It got better. And I got more comfortable.

After several months, this place started to feel a bit like home — a new normal. 

I've always been a bit of a late bloomer. Here's what it was like to move out and live alone for the first time at the age of 28. (No shame!)

Weird things I’ve learned about myself after one year of living solo

You learn a lot about yourself when you go through a massive life change like moving out on your own. Here are some of the quirkier things I’ve noticed.

1. I really like doing chores

Call me crazy, but I love doing chores. I call myself a domestic goddess on Mondays — I wake up, sort the laundry, run the dishwasher and go grocery shopping. I’ve newly-dubbed Mondays “Crockpot Mondays” and have been exploring the various recipes on my Pinterest board. 

I don’t know what it is about chores, but I feel super productive as I get my apartment and life in order at the beginning of each week.

However, one part of apartment living I really don’t love? Cleaning.

A few months in, I hired a cleaning team to come to the apartment once a month. It’s not as expensive as you may think. I think of it this way: My hourly rate for client work is higher than what the cleaning company charges me, so if they can clean, and I can continue working, it benefits me in the long run. Plus, the two of them accomplish in one hour what would take me half a day to do.

2. I’m the kind of person who makes the bed every day

Back when I lived at home I *never* made my bed. Don’t know why. Never even thought about it. Just popped out of bed and went on with my day. 

Now? As soon as my feet hit the floor, the bed needs to be made. Maybe it’s something about feeling prideful each time I walk by my bedroom and see my cozy bed and pillows arranged neatly awaiting my return later that night.

3. Hosting gatherings makes my apartment feel like a home

I threw my first party a month into apartment living — a housewarming. The planning process was stressful, but when the night came and I looked around and saw all the people I love the most in one room — my heart felt full. 

Since then, I’ve thrown two Harry Potter parties (for the famous festival in Chestnut Hill!), a holiday gathering and a game night. 

I like to entertain, and I like creating a space where people can connect and have fun together. Plus, filling my space with the people I love the most makes it feel a little bit more like home.

4. I like my apartment more when I’m not there all day

As I mentioned, I work from home so if I’m busy, there are days I don’t even step foot outside my apartment.

I quickly realized this was not a good way to go about living to maintain sanity.

So now I make it a point to get out of the apartment *at least* once a day whether it’s to run errands, go to the gym or head to a meeting. I even work from my gym’s cafe from time to time which has helped a lot.

5. I freaking love cooking

Perhaps the weirdest thing of all that I’ve learned? I’m obsessed with cooking. I never cooked at my family’s house. I’d bake from time to time, but cooking? Nope.

I entered the world of cooking slowly with my hand-me-down crockpot. I dabbled with making turkey chili and then expanded into chicken tacos and more. (There may or may not have been a failed slow cooker pot roast — oops.)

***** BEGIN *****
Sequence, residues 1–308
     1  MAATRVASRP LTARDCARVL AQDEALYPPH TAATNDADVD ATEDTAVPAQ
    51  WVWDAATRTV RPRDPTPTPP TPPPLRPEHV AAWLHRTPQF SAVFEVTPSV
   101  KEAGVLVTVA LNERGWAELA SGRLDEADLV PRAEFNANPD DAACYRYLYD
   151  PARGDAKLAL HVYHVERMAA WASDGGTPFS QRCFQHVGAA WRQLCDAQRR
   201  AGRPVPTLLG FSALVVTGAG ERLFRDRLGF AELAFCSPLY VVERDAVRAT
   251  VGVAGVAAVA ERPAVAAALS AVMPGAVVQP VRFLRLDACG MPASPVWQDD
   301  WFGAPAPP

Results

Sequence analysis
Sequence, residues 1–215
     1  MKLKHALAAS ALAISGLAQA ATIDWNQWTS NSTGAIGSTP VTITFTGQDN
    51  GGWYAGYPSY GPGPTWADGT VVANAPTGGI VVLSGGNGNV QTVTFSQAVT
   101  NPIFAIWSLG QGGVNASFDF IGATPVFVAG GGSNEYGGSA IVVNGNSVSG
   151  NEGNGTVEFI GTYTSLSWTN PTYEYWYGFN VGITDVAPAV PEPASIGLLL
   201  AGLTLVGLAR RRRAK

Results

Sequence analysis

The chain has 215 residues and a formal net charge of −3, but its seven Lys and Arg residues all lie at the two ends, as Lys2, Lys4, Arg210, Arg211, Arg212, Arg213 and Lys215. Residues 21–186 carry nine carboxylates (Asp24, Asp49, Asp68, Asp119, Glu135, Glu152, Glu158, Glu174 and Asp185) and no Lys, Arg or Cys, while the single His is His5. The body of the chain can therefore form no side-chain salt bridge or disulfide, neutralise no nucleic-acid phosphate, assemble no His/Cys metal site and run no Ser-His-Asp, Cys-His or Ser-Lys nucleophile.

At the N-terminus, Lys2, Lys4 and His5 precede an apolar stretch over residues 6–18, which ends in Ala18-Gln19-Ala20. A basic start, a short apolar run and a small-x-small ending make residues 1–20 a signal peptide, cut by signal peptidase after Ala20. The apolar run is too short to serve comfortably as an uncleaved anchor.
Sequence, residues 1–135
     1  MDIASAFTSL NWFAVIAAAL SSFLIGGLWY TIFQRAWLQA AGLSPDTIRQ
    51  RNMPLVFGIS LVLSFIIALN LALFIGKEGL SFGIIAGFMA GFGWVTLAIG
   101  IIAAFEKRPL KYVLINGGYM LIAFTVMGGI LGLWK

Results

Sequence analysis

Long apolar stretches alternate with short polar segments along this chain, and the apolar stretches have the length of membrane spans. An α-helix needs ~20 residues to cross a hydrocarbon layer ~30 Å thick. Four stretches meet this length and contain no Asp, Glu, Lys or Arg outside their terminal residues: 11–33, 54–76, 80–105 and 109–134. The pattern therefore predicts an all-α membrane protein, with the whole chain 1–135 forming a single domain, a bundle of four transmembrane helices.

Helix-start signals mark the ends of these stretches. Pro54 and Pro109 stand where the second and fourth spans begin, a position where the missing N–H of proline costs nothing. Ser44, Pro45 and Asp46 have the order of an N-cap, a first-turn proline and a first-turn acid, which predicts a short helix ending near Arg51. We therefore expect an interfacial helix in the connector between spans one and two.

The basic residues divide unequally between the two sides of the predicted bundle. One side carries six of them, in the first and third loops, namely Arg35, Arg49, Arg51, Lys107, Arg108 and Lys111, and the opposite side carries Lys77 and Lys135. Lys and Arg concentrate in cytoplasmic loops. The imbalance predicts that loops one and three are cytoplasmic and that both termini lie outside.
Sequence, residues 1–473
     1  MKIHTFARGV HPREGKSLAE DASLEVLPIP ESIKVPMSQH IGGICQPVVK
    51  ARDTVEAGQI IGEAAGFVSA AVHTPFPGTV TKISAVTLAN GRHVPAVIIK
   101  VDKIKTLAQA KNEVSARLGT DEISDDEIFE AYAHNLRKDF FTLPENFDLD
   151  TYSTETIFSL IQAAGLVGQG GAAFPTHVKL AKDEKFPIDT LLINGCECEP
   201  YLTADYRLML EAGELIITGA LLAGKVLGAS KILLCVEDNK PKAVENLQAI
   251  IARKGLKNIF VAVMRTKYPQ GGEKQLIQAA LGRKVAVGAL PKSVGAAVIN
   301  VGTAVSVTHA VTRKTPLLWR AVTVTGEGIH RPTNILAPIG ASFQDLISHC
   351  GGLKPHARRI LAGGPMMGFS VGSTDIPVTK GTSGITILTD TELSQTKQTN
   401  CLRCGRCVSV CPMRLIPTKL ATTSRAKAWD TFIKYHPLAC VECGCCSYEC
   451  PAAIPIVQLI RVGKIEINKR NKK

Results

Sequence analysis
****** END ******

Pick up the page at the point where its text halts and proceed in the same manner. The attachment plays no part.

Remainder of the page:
Then, I got even fancier and I decided to sign up for BlueApron last winter, and became hooked. For a cooking newbie like me, BlueApron truly makes trying new recipes accessible and actually fun. I’m on a schedule where I get two boxes per month (and Tim gets BlueApron wine once a month!) so we’re always fully stocked with goodies. (Want to give BlueApron a try? You can grab $30 off your first order here.)

Now that I know how to cook, I’m also experimenting with my own recipes — scary!

I’m such a weirdo; my favorite part of cooking? Chopping and prepping all the ingredients. 

A roommate!

This won’t come as a surprise to many of you because it happened a few months back, but I have a roommate!

My boyfriend Tim moved in over the summer, so now I’m experiencing all types of changes (I guess it’s true that the only constant in life is change?) as we get used to sharing a space, budgeting and all that fun adult stuff.

I won’t lie; I love living with Tim. Living alone was fun too, but it’s amazing at the end of a long day to cook a meal together and cuddle up on the couch to catch up on our shows. Especially as someone who works alone all day, I especially appreciate the company of someone I love being here too.

Your story is your story

Whether you moved out on your own when you were 18 and heading off to college, or if you still live at home in your late twenties like I did, know that there’s no shame in your story.

When I told a former mentor I was starting my own business, instead of congratulating me, he shamed me asking how living at home would impact my “Get Gutsy” brand. He warned me to be prepared to answer questions about why I live at home and how people might think it wasn’t “gutsy” of me to make the decision I made.

Two years later, I can confidently say I’m thrilled with the decisions I’ve made.

No matter your personal circumstance, you have to make the right decision for you. 

I know I did. 

And now for the next adventure in my journey? Saving up to buy a house!

Tell me about when you moved out and lived on your own for the first time! Did you experience any of the same emotions as me? I’d love to hear your stories! Leave them in the comments below.

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Jessica_Lawlor_Blog Bio@2x

Meet Jessica

I live by the saying “Life begins at the end of your comfort zone” and help others do the same to reach their biggest, brightest goals. Read my story here.